Overall, I enjoyed reading about June and Day and their adventures. Both had dilemmas I could sympathize with and goals I could root for. I felt the way each grieved over the loss of loved ones was believable and something rarely seen in YA literature, especially in this genre. Day’s goals and weaknesses were consistent throughout the story, which in turn helped to create a consistent character. I also liked his use of slang; it gave him a unique personality and helped me differentiate between narrators (as if the change in font weren’t obvious enough).

On that note, June and Day always read like two separate characters to me, even though there were some instances where they seemed to be rather unrealistically on the same (metaphorical) page, or thinking/discovering the same things around the same time as the other person did. This made the plot seem a little too convenient at times, and I believe miscommunication on their parts would have added both to the plot and to the development of their separate characters.

But here’s what really bugged me: I just can’t see June and Day as being fifteen. They read like sixteen- or seventeen-year-olds. I don’t know anyone who could possibly be as talented or intelligence as they are at their age, which was another instance of suspension of disbelief for me. This led right into…

The Romance

I thought June and Day made a good couple, but I also thought it was highly unrealistic that two fifteen-year-olds could be in such a committed, deeply-trusting relationship at their age, especially after knowing each other for only a month. Again, most fifteen-year-olds I know aren’t mature–or selfless–enough to make the kinds of decisions and sacrifices they made for each other. It felt a little like insta-love, which made it somewhat difficult for me to buy into the romance initially.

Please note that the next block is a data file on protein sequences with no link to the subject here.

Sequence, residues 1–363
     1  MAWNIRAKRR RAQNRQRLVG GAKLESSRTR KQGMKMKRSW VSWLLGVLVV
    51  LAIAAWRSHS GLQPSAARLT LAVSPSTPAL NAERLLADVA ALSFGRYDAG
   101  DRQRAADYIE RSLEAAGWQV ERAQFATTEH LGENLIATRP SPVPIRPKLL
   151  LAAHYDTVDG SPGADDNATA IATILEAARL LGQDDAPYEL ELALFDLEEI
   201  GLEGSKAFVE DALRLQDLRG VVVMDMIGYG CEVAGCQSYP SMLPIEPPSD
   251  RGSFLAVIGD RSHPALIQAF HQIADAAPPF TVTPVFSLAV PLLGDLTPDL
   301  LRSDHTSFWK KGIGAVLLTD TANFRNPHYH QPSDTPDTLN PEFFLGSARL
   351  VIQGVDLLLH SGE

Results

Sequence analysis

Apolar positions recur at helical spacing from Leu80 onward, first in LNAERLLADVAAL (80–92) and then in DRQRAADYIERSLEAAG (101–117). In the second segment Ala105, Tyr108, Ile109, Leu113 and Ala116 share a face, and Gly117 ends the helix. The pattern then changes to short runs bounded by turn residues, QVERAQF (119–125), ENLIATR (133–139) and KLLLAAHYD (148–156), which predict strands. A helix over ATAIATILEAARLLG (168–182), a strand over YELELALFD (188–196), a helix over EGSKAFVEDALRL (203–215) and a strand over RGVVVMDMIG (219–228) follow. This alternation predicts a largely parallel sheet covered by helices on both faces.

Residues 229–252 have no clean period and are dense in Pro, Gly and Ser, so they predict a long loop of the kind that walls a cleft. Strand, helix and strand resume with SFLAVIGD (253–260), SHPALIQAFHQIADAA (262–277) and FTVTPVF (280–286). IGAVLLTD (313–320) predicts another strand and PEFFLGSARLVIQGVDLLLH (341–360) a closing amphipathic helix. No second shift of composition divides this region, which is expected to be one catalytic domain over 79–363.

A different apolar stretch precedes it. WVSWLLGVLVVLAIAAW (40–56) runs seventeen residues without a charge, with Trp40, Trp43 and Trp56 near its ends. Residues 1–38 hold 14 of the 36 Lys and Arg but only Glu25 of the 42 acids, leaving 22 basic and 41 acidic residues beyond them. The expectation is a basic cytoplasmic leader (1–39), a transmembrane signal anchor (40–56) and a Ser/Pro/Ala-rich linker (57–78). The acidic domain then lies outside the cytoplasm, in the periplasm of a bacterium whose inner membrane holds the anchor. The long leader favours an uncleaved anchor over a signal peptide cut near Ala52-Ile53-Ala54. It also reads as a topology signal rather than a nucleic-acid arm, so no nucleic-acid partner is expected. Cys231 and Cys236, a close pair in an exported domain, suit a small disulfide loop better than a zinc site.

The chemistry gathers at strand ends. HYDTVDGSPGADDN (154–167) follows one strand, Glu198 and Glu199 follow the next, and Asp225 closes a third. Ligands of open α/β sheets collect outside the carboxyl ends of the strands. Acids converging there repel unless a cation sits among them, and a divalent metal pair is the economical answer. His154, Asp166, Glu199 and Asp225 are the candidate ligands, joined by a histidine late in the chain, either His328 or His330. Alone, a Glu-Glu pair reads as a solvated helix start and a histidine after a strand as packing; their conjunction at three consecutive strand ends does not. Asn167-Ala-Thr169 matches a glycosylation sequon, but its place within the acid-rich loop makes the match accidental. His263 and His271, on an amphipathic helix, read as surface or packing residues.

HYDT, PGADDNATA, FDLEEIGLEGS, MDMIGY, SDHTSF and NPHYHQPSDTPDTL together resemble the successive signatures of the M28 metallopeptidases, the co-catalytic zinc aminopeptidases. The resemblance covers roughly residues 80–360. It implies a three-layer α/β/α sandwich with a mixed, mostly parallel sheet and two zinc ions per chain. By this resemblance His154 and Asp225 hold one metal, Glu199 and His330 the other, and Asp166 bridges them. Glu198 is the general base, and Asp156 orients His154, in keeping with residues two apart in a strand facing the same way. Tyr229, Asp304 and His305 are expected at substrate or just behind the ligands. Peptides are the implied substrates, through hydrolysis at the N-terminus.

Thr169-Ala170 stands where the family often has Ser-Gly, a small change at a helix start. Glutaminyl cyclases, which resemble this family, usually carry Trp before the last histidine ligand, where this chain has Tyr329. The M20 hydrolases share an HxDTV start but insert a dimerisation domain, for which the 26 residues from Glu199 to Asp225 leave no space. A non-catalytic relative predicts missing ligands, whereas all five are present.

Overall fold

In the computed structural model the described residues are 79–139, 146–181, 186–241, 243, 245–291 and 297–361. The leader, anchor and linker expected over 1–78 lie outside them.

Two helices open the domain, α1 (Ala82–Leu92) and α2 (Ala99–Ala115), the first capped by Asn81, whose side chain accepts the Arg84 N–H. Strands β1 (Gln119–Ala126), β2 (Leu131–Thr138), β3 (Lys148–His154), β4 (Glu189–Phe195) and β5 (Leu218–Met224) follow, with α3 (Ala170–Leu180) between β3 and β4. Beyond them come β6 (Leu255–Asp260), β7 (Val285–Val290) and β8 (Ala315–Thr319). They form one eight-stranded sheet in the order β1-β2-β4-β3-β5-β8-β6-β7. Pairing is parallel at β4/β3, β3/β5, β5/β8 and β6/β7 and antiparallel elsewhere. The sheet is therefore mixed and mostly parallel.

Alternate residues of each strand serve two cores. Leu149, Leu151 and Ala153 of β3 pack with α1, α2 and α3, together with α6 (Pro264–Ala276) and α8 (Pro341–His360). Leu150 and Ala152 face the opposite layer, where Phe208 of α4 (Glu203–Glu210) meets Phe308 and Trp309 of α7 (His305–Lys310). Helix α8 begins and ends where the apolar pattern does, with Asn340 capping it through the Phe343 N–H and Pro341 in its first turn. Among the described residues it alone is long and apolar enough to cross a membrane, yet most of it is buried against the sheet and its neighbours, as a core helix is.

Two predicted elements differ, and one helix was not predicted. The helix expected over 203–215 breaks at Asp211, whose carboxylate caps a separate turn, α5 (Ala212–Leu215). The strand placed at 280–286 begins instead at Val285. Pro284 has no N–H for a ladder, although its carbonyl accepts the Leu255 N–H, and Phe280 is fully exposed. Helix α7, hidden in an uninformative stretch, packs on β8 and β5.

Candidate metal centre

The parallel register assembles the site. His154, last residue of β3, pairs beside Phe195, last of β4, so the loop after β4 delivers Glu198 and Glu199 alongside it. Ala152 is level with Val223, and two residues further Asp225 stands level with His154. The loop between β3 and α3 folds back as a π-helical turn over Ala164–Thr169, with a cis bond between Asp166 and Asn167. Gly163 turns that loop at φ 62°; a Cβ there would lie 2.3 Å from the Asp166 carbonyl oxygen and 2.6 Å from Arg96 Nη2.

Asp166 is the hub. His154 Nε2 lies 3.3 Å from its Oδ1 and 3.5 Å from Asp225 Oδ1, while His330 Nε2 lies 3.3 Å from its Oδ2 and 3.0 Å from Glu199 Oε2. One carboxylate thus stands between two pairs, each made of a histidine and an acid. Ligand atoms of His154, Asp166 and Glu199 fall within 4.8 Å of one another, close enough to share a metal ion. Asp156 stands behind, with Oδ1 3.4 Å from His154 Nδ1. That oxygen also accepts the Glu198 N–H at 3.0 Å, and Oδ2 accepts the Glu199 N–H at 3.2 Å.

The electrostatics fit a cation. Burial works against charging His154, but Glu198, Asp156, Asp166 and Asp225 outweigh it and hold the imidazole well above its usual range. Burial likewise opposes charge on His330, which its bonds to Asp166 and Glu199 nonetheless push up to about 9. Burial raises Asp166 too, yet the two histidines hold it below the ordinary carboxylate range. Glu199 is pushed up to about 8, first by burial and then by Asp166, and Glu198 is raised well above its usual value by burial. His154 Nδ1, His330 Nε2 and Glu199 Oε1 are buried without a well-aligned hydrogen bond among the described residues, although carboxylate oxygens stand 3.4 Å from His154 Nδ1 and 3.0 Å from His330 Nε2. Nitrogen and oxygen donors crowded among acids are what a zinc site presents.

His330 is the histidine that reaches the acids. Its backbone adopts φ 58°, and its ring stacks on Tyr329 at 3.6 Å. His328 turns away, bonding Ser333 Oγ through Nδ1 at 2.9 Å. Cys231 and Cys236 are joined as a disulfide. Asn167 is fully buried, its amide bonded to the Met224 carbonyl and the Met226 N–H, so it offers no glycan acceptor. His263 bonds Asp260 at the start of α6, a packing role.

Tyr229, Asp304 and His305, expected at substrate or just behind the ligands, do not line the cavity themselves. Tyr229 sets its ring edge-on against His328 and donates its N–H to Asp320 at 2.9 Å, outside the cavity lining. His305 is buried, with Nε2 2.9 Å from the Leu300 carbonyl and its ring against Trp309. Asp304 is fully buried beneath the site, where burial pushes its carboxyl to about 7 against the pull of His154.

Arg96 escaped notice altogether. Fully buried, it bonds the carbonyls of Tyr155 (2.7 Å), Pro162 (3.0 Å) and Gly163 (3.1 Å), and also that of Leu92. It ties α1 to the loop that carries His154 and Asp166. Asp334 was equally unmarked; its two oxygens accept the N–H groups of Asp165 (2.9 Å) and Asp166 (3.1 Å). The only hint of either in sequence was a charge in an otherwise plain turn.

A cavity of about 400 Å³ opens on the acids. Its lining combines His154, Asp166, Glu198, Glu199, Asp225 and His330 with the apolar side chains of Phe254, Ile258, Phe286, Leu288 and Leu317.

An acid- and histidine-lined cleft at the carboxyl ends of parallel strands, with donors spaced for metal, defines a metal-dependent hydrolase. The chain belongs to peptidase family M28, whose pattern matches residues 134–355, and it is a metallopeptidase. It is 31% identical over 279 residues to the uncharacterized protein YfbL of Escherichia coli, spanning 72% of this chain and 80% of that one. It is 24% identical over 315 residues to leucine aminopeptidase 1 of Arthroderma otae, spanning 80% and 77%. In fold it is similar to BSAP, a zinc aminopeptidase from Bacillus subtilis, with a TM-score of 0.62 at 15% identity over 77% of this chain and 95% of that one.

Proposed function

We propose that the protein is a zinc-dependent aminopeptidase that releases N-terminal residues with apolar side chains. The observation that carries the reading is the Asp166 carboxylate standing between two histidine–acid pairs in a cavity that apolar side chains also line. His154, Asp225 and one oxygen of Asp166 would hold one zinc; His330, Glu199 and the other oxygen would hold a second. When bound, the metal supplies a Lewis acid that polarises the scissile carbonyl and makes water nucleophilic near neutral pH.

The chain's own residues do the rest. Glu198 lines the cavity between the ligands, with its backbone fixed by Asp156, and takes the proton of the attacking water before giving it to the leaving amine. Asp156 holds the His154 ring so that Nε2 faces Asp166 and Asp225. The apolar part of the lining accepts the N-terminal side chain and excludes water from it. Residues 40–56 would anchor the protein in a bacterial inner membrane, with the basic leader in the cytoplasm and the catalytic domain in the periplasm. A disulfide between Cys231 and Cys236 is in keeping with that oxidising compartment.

Overall, I liked this book, even though I had some issues with it. While it wasn’t perfect, it was a quick (and somewhat addicting read). If you’re more comfortable with suspending your disbelief than I am, consider checking this one out. A fun, fast dystopian read, if not a bit underdeveloped.

WiP Marathon: Intro

Hey, all! I promised I’d be back with a post about my current novel, and here I am!

I’ve decided that, to keep me on track with editing this thing, I’ll be participating in two weekly memes: WiP Marathon and #WiPWednesday (created by Brigid Gory-Hines of Wordfare). (For anyone who doesn’t know, “WiP” stands for “Work in Progress,” and references a writer’s current novel/manuscript.)